For the conscientious shopper, buying almost anything these days has become a nightmare situation. Ethical concerns about chocolate and coffee production abound, and every few years reports of slave-like factory conditions in developing nations shock and devastate Western shoppers. Other considerations factor into the anxiety of the ethical shopper, too. A company that treats its employees like gold might still be environmentally sustainable. Worse, some brands participate in greenwashing, a marketing trick meant to make consumers believe that they’re greener than they actually are. Meanwhile, the time necessary to research informed choices is more than the average working person can handle.
Enter Trestle, a shopping research service whose goal is to empower ethical consumers. This innovative company intends to take the guesswork out of shopping by bringing their customers the information they need to buy consciously. In the process, it’ll show people how to support the prosperity of products and sellers that make the world a better place.
Trestle is the brainchild of Jennifer Johnson and Carl Hickerson, who graciously sat down with us for an interview. Like many great ideas, the one that eventually became Trestle was born on a long hike. Experienced in project and business management, Jennifer and Carl were up-and-coming young professionals with a shared hope of changing the world. As they traveled the Pacific Northwest Trail together, they discussed the potential of for-profit business to make a difference in the world, a potential that, they agreed, amounted to a responsibility. By mitigating their impact on the planet or by refusing to exploit people in economically vulnerable parts of the world, companies could stand in for hundreds or even thousands of consumers whose individual efforts wouldn’t be enough to make a significant change in the world. They could represent an aggregate desire for justice on the part of everyone who chose to support them by purchasing their products.
Ultimately, the two came to the conclusion that every purchase is a statement that matters. Each tells its company, ethical and otherwise, that its customers support the company’s actions. Looking at their own shopping practices in this light, Jennifer and Carl were embarrassed. Like most Americans, they often chose their purchases by convenience rather than by their own ethical standards. As bad as this made them feel, they weren’t entirely at fault. Conscious shopping, they learned, was precipitously difficult for an individual. Doing the research, seeking out brands, and finding locations to purchase products consciously required an investment of time that most people simply don’t have. Mindful consumerism needed to combine ethical standards with the convenience of conventional shopping. This became the founding principle of Trestle.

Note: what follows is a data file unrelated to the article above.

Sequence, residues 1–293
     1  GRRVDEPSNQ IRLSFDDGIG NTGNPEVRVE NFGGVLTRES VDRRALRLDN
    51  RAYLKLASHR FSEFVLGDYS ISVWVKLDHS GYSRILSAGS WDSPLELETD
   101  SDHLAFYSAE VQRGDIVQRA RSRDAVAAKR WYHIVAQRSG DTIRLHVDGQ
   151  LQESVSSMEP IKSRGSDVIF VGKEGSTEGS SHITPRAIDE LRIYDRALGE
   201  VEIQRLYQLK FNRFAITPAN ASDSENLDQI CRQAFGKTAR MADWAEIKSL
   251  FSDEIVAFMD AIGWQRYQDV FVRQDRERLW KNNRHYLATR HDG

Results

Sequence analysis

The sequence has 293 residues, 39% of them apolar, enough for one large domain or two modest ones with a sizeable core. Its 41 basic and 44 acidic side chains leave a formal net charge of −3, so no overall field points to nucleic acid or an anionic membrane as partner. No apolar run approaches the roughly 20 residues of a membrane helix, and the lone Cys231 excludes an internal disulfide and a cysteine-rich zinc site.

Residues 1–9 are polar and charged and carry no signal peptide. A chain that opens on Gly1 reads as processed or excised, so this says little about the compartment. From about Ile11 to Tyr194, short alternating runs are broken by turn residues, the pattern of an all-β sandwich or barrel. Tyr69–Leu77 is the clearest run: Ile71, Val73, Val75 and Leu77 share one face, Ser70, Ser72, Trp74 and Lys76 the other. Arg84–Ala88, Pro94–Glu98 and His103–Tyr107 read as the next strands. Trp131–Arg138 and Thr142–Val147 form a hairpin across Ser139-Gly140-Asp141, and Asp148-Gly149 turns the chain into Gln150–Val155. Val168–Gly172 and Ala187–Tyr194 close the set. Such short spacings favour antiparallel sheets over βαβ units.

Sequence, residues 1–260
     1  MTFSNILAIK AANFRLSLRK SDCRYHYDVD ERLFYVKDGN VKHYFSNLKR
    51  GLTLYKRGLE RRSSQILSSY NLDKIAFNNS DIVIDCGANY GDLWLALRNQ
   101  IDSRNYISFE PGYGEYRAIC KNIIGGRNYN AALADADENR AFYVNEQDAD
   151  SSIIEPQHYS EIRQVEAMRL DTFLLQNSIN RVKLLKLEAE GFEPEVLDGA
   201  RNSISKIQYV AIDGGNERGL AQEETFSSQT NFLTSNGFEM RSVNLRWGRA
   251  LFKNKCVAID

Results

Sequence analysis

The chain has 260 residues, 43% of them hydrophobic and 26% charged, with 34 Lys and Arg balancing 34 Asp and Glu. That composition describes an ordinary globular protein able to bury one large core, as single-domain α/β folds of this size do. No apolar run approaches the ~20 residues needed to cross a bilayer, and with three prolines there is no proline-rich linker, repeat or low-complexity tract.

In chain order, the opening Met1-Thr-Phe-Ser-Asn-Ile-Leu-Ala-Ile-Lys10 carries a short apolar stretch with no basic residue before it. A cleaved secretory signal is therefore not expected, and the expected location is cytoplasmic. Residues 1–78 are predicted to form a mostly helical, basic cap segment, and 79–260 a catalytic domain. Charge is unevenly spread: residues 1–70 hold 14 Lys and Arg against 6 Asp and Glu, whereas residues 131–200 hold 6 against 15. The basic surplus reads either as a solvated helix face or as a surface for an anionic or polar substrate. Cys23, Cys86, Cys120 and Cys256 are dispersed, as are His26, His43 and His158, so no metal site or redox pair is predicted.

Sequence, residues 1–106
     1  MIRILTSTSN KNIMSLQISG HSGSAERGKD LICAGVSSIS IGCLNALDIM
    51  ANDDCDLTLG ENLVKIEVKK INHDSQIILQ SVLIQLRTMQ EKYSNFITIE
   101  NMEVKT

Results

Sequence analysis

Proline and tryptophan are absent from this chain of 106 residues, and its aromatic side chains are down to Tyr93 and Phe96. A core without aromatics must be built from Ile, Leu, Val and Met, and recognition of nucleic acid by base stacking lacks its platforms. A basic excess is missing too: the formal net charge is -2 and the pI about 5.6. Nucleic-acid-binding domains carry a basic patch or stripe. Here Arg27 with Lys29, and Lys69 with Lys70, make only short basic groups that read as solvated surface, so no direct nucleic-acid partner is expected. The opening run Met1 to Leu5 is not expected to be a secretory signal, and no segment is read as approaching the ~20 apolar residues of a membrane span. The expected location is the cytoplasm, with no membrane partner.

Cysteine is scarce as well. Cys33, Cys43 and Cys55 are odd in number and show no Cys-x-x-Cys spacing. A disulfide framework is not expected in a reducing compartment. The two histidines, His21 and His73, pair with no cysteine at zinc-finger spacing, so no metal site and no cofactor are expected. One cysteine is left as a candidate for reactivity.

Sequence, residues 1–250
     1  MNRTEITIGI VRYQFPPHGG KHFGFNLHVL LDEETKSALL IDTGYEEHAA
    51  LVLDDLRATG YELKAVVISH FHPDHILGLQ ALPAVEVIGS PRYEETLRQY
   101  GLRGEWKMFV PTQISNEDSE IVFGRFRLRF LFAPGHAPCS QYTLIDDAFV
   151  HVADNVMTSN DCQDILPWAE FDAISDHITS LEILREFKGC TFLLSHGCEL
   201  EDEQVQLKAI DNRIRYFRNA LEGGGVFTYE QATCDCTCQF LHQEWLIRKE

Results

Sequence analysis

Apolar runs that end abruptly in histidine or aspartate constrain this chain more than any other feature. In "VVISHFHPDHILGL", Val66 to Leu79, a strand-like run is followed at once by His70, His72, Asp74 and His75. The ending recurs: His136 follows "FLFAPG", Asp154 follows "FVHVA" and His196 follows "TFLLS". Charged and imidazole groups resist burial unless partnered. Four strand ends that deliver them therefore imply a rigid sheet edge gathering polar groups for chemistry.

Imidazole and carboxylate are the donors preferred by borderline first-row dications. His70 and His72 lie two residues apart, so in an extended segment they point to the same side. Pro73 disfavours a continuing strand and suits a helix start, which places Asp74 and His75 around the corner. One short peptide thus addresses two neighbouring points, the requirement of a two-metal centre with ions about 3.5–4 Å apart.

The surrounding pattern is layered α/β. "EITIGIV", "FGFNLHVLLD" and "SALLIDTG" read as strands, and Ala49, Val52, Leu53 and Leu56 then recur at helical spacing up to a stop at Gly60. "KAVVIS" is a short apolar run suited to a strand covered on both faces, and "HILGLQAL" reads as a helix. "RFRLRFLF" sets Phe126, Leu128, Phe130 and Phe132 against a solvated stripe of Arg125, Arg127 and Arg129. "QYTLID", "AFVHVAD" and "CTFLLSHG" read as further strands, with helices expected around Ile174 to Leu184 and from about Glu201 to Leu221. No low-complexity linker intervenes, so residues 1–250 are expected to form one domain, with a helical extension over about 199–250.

What Trestle does
Trestle is a new kind of shopping service: one that doesn’t shop for you, but which provides research which could be time limiting for the average person. It also operates on an affordable subscription model not much more expensive than a reasonably-priced gym membership. Trestle customers can sign up for $10/month memberships, for which they get unlimited reports, or “Trestle Tracks,” on any product or company they’d like to know more about. These reports contain expert-level research on any consumer item that the customer wants to know about. In an economic landscape crowded with products, this really takes the guesswork out of purchasing, especially when it comes to items of significance like furniture. Trestle Tracks cover the top three or four company or product performers for each report, presenting the customer with both options and information. It’s not hard to imagine this as the shopping trend of the future. Millennials in particular are famous for wanting to shop according to their values. Jennifer points out that “81% of millennials believe that companies should take active approaches to improving the environment and 3/4 consumers would actually pay more for sustainable and ethically-made goods.” The success of organic food and buy-local movements attests to the growing demand for products with socially and environmentally positive impacts.
Trestle’s research practice considers each company or product in light of the shopper’s particular ethical concerns. For example, a shopper who cares about the environment and wants to buy eco-friendly toothbrushes will get a different report from one who cares about fair labor practices and wants to buy a dress. The result is information that’s tailored to the individual’s values. Transparency, sustainability, fair labor, and animal cruelty are all factors by which Trestle’s customers can ask to rate and rank companies. The company’s business highlights page, which includes Patagonia, Mammut, and MUTU Coffee, is an example of the quality and character of companies that fit many shopper’s expectations for ethically acceptable practices.